General Considerations

When one starts searching the internet, it becomes obvious there are many designs of miniature locomotives to choose from, especially if you are willing to consider British style locomotives. Before picking a specific design there are other "general" things to consider.
- Scale/Size/Gauge - These three things are interconnected, each effecting the other.  I am most interested in those sized locomotives that are capable of hauling people. The main sizes that fit into this category, are 3/4", 1" and 1.5" scale. The corresponding gauges for these three are 3.5", 4-3/4" (5" in the U.K.) and 7-1/4" or 7-1/2". The smallest size, 3/4" scale, usually is only capable of hauling the engineer and one or two other people at most. The largest scale, 1.5", can haul many people, but, as one can imagine, is the heaviest.  The weight difference between 1" scale and 1.5" scale is not 1.5 times. It is more like a cube function. So, for a 1" scale locomotive that weighs in at 120 pounds, becomes approximately 400 pounds in 1.5" scale.
-A simple project for a first time locomotive should be considered. Large or small, will take about the same time, but, a complicated and detailed locomotive will always take longer than the simple one. A project that takes too long to complete, may never be completed. A long term project is better for a second time build. You will at least have something to run in the meanwhile.
-Machine tools - Do you already own a few machine tools? Good machine tools are not cheap and tooling up for such a project will be expensive. Using tools in a shop other than yours will be a real handicap and will make the project considerably longer time wise.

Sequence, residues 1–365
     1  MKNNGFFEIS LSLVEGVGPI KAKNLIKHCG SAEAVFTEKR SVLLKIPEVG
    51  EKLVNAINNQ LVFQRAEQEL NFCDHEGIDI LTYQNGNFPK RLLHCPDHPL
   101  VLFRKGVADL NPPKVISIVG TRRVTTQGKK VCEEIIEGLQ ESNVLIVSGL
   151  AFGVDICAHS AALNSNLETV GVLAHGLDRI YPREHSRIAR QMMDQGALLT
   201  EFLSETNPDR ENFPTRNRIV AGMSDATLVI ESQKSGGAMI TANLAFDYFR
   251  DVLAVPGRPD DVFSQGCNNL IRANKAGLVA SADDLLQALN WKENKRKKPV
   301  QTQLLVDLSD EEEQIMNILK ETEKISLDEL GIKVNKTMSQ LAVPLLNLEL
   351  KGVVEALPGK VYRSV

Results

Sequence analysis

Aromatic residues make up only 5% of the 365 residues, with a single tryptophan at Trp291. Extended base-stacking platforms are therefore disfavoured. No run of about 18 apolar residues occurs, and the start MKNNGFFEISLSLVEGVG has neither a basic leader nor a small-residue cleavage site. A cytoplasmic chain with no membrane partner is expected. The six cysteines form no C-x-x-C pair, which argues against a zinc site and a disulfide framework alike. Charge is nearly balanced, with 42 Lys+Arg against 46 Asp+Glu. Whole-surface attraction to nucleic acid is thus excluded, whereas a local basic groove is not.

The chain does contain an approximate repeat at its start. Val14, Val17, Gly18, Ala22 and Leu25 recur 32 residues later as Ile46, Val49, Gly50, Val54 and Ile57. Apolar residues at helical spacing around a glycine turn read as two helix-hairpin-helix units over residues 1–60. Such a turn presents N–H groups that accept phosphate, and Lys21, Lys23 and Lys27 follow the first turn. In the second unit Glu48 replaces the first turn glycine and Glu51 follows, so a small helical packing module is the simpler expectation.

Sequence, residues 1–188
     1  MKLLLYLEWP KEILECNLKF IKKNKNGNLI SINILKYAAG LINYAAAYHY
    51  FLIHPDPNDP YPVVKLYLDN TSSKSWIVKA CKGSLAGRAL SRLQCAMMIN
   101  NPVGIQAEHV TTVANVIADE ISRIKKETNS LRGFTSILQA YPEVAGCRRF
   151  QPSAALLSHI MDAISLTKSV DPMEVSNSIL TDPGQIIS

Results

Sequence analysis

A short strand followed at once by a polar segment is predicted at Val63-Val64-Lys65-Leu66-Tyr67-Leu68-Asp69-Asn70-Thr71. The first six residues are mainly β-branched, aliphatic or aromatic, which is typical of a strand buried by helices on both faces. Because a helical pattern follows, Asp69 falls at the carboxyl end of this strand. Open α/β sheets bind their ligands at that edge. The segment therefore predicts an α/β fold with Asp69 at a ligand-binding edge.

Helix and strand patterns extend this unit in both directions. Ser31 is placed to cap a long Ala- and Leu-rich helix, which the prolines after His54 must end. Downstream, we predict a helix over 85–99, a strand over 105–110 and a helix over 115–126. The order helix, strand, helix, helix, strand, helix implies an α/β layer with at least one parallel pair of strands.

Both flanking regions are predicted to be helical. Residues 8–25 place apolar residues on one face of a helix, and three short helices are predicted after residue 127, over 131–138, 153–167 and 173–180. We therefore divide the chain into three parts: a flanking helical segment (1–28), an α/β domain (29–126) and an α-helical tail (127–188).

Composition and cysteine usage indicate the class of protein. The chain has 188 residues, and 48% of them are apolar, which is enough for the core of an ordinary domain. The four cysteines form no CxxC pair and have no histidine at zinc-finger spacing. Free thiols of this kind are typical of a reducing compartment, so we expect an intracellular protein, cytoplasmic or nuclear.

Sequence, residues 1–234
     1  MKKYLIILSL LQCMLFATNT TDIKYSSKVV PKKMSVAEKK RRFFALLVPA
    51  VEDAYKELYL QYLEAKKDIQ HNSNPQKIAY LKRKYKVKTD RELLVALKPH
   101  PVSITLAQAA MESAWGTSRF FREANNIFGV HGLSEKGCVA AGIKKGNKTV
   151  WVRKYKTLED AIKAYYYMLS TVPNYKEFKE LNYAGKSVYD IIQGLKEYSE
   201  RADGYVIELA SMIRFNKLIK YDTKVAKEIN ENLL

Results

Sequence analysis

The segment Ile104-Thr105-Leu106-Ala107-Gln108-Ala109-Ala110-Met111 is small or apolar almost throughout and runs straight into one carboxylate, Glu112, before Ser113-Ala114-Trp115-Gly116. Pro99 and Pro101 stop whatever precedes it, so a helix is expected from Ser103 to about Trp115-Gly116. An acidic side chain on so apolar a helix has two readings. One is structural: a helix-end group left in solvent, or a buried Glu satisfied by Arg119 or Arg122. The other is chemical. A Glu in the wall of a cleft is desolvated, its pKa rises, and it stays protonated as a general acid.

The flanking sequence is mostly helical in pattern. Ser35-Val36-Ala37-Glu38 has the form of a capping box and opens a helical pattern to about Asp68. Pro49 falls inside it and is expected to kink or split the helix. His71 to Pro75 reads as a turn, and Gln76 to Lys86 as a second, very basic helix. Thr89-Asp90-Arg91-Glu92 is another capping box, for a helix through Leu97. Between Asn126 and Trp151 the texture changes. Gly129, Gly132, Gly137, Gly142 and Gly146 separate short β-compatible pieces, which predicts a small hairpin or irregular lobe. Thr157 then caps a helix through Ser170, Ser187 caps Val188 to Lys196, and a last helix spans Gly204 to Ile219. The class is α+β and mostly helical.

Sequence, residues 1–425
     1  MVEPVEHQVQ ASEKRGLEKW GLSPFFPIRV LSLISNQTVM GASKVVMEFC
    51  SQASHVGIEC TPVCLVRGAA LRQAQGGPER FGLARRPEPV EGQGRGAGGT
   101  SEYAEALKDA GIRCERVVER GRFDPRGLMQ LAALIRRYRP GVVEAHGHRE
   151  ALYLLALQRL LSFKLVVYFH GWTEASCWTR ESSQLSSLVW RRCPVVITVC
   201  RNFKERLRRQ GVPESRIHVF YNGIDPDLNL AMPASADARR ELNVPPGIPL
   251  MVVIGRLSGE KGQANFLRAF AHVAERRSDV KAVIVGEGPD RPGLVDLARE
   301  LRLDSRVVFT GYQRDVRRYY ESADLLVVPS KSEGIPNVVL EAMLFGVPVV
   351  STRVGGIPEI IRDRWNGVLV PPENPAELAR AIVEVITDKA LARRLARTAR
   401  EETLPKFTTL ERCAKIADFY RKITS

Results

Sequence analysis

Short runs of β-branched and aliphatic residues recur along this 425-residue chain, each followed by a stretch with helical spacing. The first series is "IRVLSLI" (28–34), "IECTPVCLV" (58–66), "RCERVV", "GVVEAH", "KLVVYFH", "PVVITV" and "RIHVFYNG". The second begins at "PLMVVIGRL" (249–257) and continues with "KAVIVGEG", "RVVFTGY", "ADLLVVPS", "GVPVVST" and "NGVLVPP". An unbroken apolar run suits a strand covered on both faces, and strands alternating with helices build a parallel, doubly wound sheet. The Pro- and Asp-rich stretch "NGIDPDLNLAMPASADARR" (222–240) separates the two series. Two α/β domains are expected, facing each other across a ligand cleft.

-Shop Capacity is something folks don't always consider. Just because a finished locomotive will fit in your shop, the manufacture of the parts are sometime beyond the capacity of your machines. Large locomotives require serious machine tools and often overhead lifting facility.
- Cost - Castings and metal stock is not cheap. The larger the locomotive, of course, the more the raw materials will cost. 
-Transport - How will you transport your locomotive to a track? An average car will not allow for a 1.5" scale locomotive, perhaps a large SUV. You will probably need a pick up truck, and/or a trailer to move a locomotive and rolling stock. For 1" scale and smaller, these  will easily fit in the back of a small SUV, or, in the trunk of car. If you want to bring a locomotive, a riding car and a little rolling stock, a small SUV, van or pickup truck is the way to go.
-Proximity to a club with your chosen gauge is important. Also, is the track of your gauge a simple circle, or, is it more complex? The club I chose is actually farther than the closest 4-3/4" track because it is the more interesting than the closer track. Club tracks should offer you something that you could never have in your backyard.
-Experience - What is your machine shop experience? If you have never made anything with machine tools before, it might be a good idea to build a simple stationary steam engine from castings or bar stock before committing to expensive locomotive materials.